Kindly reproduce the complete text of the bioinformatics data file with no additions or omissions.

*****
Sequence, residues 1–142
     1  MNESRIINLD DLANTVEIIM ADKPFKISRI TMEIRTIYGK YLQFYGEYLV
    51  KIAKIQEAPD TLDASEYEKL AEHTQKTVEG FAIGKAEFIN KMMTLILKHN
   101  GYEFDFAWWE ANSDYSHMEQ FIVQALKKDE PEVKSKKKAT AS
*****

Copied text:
Sequence, residues 1–142
     1  MNESRIINLD DLANTVEIIM ADKPFKISRI TMEIRTIYGK YLQFYGEYLV
    51  KIAKIQEAPD TLDASEYEKL AEHTQKTVEG FAIGKAEFIN KMMTLILKHN
   101  GYEFDFAWWE ANSDYSHMEQ FIVQALKKDE PEVKSKKKAT AS